Key Performance Indicators (KPI)

Energy efficiency and Carbon efficiency were two of the most widely used KPIs in the DEA context (Choi et al. 2012; Iftikhar et al. 2018; Park et al. 2016). Energy efficiency was first produced by Hu and Wang (2006) based on the “ratio of target to real” concept and later developed by Zhou et al. (2006) by incorporating undesirable outputs in energy efficiency analysis. We utilize Chang et al. (2013)‘s method suggested under the SBM-DEA model for calculating KPIs. This paper proposes ecological footprint efficiency as a substitute for carbon efficiency. Besides, five more KPI measures are developed based on the different ecological footprint categories to evaluate the carbon footprint efficiency, cropland efficiency, fishing grounds efficiency, forest area efficiency, and grazing land efficiency performances. The KPIs can be estimated as follows:

$$Energy\,Efficiency\,\left( {EE} \right) = \frac{{E_k - s_E^ - }}{{E_k}}$$
$$Ecological\,Footprint\,Efficiency\,\left( {EFE} \right) = \frac{{EF_k - s_{EF}^b}}{{EF_k}}$$
$$Carbon\,Footprint\,Efficiency\,\left( {CFE} \right) = \frac{{CF_k - s_{CF}^b}}{{CF_k}}$$
$$Cropland\,Efficiency\,\left( {EE} \right) = \frac{{CE_k - s_{CE}^b}}{{CE_k}}$$
$$Fishing\,Grounds\,Efficiency\,\left( {FGE} \right) = \frac{{FG_k - s_{FG}^b}}{{FG_k}}$$
$$Forest\,Area\,Efficiency\,\left( {FAE} \right) = \frac{{FA_k - s_{FA}^b}}{{FA_k}}$$
$$Grazing\,Land\,Efficiency\,\left( {GLE} \right) = \frac{{GL_k - s_{GL}^b}}{{GL_k}}$$

Where the actual values of energy (Ek), ecological footprint (EFk), carbon footprint (CFk), cropland (CEk), fishing grounds (FGk), forest area (FAk), and grazing land (GLk) for DMUk are deducted from corresponding slacks to measure the target value of each variable, and then KPIs are calculated through the ratio of the target to the actual values.

Data Selection and Description

This research examines the environmental performance of 27 OECD nations (Fig. 2) using panel data gathered from 2000 to 2017 for a total of eighteen years. The SBM-DEA model is implemented with energy consumption, labor force, and net capital stock as inputs, Gross Domestic Product (GDP) as a desirable output, and CO2 emissions and ecological footprint (EF) (with its various categories including carbon footprint, cropland, fishing grounds, forest area, and grazing land) as undesirable outputs. As discussed in the introduction, the ecological footprint is a more comprehensive metric for evaluating the impact of human activities on the natural environment (Ahmad et al. 2020). It is a much better option than CO2 emissions for assessing environmental quality (Nathaniel and Khan 2020). In this respect, we evaluate and compare environmental efficiency ratings based on CO2 emissions and Ecological Footprint undesirable outputs. In addition, we utilize each Ecological Footprint category, such as carbon footprint, fishing grounds, cropland, forest area, and grazing land, as independent negative aspects to study the environmental performance of OECD countries in depth. The data on the EF is extracted from the databases of the global footprint network (, and the rest data is retrieved from the OECD data ( Table 1 presents the summary of descriptive statistics of the considered variables. Figure 2 illustrates the distribution and aggregate input and output data trends in the OECD countries from 2010 to 2017.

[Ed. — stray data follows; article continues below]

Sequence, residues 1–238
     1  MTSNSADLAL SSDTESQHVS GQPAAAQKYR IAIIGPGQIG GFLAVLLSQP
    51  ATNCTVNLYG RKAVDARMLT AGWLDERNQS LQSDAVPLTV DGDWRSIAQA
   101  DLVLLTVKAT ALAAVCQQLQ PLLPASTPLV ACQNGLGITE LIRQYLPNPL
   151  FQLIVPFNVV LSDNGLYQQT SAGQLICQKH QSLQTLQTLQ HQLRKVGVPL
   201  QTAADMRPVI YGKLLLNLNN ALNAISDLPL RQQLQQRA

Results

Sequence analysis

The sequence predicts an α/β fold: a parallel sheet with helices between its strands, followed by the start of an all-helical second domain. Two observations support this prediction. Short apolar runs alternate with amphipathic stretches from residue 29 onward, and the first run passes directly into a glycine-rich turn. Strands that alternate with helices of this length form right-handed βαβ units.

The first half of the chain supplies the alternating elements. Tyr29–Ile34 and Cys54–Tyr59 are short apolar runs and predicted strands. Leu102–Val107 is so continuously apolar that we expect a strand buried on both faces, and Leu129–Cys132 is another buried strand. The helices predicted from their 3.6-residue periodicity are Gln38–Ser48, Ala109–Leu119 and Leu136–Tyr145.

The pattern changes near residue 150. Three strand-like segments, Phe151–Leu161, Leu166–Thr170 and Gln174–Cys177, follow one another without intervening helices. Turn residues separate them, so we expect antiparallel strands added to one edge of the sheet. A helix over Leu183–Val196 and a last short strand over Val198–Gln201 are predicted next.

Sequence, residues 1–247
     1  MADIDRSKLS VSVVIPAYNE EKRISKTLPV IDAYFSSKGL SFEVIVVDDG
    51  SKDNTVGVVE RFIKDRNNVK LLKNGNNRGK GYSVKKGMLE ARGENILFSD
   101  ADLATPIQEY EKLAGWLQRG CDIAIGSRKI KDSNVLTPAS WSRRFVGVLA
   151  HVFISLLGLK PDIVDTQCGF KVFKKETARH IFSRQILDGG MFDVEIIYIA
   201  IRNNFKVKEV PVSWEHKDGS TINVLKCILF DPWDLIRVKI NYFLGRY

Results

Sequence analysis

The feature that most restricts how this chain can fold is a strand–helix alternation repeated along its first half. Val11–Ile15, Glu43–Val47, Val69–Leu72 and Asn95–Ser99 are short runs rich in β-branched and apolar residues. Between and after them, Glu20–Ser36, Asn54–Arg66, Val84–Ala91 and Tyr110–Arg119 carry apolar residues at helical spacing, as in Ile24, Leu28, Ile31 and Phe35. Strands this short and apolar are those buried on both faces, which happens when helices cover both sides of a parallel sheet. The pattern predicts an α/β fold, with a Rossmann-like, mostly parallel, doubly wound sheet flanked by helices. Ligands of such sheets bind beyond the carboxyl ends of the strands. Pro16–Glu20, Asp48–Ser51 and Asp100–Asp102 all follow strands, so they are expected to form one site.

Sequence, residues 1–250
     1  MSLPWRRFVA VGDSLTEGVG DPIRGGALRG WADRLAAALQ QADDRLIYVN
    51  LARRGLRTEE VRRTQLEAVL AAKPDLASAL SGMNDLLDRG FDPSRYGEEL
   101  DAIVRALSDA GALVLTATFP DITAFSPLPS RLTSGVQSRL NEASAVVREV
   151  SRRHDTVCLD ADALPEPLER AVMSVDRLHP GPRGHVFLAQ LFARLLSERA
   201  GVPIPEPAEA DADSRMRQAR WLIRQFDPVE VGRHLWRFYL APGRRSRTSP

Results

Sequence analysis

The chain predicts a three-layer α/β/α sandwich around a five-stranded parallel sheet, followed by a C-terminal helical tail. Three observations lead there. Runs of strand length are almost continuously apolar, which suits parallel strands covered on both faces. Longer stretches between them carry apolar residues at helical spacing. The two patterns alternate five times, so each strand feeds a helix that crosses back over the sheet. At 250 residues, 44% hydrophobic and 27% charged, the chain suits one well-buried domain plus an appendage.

Fig. 2
figure 2

Research area and graphical representation of basic data

Table 1 Descriptive statistics of the input and output variables over the years 2000–2017

As shown in Fig. 2, the United States utilizes the highest proportion of inputs, including energy consumption, net capital stock, and labor force, with respective shares of 45 percent, 39 percent, and 31 percent. This country generates the highest proportion of both desirable and undesirable outputs, including GDP (38 percent), Ecological Footprint (42 percent), and CO2 emissions (47 percent). Japan ranks second on the input and output variables list, with an average share of 11 percent, after the United States. Luxembourg has the lowest labor force and Ecological Footprint among the countries with the lowest share. Estonia has the lowest net capital stock, energy consumption, and GDP among the countries with the lowest share.